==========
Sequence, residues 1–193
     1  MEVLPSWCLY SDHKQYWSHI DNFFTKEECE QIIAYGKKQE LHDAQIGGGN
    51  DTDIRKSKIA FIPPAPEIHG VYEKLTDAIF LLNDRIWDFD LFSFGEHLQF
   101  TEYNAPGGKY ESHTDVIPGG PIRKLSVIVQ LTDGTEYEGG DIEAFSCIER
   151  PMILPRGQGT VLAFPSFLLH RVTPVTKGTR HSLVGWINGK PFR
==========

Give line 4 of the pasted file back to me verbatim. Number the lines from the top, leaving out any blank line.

   101  TEYNAPGGKY ESHTDVIPGG PIRKLSVIVQ LTDGTEYEGG DIEAFSCIER